the bark and other parts such as leaves, fruits, and galls. The tannin in myrobolan is
of the ellagitannin type and occurs mainly in the peel of the fruit. It also contains a
yellowish-brown coloring matter that imparts a yellowish coloration to textile
material. It is widely used as a mordant in the dyeing of cotton and for producing
black shades. Leaves and twigs from various species of Rhus or sumac contain 15
to 20 % tannin which is of the gallotannin type. It has an olive-green color. The
presence of some reddish coloring matter in sumac prohibits it from being
employed for light and brilliant shades.
5.10 Mordanting Methods
There are three types of methods for application of mordants based on the time of
their usage. They are:
1. Premordanting
2. Postmordanting
3. Metamordanting or simultaneous mordanting.
As suggested by the name, in premordanting, the mordants are applied to the
fabric prior to dyeing. It is most common for cotton and cellulosics as in the
unmordanted state they do not have affinity for many natural dyes. Even for animal
fibers, some natural dyes such as cochineal require this type of mordanting process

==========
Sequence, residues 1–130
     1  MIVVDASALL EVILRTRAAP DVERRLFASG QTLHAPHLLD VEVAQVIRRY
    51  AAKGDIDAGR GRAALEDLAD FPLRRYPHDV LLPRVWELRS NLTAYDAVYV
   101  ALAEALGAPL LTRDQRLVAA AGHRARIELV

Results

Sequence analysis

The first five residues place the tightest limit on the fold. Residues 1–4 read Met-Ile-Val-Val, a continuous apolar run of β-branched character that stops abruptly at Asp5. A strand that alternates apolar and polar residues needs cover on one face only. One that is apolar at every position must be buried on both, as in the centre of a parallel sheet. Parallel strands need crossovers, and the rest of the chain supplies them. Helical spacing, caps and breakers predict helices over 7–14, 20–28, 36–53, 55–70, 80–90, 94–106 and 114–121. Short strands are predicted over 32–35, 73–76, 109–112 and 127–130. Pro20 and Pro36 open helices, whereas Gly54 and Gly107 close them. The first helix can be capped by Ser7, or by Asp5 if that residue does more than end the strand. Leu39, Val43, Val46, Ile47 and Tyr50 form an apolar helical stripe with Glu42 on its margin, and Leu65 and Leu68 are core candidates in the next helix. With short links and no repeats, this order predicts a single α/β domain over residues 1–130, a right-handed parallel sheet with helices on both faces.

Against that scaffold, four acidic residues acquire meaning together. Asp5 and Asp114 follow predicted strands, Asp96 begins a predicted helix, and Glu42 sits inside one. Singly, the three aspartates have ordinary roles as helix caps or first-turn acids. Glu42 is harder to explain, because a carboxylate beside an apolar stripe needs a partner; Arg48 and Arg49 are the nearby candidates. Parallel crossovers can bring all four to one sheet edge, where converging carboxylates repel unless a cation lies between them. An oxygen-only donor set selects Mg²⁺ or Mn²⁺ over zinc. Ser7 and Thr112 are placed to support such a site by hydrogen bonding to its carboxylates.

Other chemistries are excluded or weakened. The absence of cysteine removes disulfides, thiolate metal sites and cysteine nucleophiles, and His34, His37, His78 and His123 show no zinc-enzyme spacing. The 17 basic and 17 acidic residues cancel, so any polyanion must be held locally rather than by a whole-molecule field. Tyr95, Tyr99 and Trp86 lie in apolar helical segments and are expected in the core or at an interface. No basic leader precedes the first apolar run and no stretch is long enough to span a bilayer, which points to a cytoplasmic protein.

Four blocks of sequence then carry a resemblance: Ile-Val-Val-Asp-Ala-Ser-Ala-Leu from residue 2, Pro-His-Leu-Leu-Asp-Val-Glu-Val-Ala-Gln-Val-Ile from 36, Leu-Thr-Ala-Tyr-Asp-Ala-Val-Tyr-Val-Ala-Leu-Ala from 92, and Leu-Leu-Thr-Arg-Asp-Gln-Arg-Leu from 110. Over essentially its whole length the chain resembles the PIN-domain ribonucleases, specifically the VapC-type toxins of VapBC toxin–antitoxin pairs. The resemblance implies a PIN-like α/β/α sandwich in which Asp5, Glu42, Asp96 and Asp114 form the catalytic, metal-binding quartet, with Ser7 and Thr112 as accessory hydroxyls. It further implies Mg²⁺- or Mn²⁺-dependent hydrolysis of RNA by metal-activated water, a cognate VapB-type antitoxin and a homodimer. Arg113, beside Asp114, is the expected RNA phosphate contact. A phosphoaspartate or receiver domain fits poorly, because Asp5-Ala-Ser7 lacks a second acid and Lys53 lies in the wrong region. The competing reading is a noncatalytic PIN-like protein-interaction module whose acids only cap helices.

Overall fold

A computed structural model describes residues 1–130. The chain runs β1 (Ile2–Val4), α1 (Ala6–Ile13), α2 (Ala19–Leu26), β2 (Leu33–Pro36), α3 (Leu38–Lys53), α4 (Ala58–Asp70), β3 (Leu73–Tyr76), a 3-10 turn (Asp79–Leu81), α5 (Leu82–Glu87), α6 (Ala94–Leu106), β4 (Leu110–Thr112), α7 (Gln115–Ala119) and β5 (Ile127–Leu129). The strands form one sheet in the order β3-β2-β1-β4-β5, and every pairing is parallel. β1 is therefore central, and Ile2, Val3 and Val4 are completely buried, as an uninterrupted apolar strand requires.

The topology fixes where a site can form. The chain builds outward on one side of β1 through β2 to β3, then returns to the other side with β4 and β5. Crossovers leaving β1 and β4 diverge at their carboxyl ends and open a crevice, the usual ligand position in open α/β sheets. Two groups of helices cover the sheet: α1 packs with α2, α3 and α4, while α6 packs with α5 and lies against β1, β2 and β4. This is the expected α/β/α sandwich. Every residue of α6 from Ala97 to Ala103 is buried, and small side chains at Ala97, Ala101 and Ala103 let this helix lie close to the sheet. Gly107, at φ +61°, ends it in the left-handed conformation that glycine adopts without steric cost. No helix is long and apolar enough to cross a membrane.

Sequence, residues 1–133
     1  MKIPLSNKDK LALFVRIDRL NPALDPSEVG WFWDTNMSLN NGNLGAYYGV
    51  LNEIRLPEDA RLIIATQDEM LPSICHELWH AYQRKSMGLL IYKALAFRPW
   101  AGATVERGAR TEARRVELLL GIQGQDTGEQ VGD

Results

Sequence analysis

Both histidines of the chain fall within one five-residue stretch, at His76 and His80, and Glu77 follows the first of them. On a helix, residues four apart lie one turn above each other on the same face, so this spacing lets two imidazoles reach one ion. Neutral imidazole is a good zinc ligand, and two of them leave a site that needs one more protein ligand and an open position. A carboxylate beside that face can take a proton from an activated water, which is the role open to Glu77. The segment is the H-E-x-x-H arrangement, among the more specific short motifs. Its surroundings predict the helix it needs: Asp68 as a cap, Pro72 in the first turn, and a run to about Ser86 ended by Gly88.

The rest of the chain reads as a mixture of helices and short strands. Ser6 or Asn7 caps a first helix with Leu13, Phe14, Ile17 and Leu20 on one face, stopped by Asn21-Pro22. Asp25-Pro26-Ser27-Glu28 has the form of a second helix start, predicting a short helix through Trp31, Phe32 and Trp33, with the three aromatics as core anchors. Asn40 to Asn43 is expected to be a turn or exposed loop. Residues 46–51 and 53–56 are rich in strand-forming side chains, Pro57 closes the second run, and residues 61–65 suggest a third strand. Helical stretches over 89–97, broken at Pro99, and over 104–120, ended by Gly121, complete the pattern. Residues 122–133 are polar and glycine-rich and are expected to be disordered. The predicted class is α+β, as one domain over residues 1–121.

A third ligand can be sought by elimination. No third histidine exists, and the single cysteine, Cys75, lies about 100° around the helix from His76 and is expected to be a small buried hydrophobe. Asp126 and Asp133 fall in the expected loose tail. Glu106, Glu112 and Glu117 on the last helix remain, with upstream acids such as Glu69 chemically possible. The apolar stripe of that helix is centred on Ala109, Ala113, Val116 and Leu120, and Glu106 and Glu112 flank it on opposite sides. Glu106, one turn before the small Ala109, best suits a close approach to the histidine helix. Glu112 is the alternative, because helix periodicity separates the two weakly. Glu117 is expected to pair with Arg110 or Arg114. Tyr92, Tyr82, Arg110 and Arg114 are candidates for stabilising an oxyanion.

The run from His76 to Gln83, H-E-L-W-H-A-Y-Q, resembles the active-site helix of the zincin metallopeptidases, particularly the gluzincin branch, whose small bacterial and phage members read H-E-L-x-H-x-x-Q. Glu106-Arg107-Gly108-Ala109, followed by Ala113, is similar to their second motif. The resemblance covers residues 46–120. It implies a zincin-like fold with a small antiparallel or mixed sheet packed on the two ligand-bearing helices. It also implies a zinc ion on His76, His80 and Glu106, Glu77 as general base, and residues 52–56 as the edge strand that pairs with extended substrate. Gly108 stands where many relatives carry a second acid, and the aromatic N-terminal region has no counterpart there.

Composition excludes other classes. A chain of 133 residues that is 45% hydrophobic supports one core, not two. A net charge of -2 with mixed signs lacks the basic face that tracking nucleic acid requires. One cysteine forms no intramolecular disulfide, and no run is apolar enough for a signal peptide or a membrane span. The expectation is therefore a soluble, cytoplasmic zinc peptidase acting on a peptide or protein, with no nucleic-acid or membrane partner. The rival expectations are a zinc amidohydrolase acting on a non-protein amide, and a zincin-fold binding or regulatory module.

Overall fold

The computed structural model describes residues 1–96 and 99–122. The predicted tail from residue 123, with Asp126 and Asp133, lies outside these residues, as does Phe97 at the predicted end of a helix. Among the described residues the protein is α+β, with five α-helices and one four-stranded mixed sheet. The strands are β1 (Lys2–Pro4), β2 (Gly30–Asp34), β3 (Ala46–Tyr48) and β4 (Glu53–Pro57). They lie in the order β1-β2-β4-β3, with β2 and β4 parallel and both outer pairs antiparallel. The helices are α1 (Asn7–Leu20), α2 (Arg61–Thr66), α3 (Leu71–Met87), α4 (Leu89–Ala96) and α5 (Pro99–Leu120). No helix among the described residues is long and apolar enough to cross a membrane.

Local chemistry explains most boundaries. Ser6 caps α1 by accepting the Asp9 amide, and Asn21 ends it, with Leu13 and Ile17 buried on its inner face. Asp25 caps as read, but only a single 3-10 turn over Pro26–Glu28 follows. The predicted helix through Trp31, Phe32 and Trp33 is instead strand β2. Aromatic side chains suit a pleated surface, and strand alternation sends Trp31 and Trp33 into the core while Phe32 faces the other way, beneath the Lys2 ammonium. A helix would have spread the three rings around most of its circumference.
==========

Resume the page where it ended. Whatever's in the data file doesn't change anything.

for producing good shades. Various famous traditional printing styles with natural
dyes from India such as ‘‘Kalamkari’’ in Andhra Pradesh and ‘‘Sanganeri’’ in
Rajasthan use this mordanting method. The advantage of this method is that
Natural Dyes: Sources, Chemistry, Application and Sustainability Issues
standing baths can be used for mordanting; that is, the bath can be reused many
times after replenishing with the mordants. This makes the process economical as
well as reduces the pollution load hence is useful for large-scale applications.
In the postmordanting method, the fabric after dyeing is treated with mordant in
a separate bath. The final color is developed during the last phase. Iron salts are
very often applied in this manner for producing grey and black colors.
In the metamordanting or simultaneous mordanting method, both dyeing and
mordanting processes are carried out in the same bath itself. Usually for cotton and
cellulosics, mordant is also added to the dye bath at the start of dyeing so that both
dyeing and mordanting processes take place simultaneously in the same bath. For
animal fibers such as wool, mordant may sometimes be introduced into the dye
bath towards the end of the dyeing process when much dye has already been
exhausted onto the textile. The dyeing duration is reduced in this method due to a
reduction in the number of steps. This method produces darker shades for some
dyes whereas for others, color yield may reduce due to the loss of some dye and
mordant to dye–mordant complex formation in the dye bath which may also cause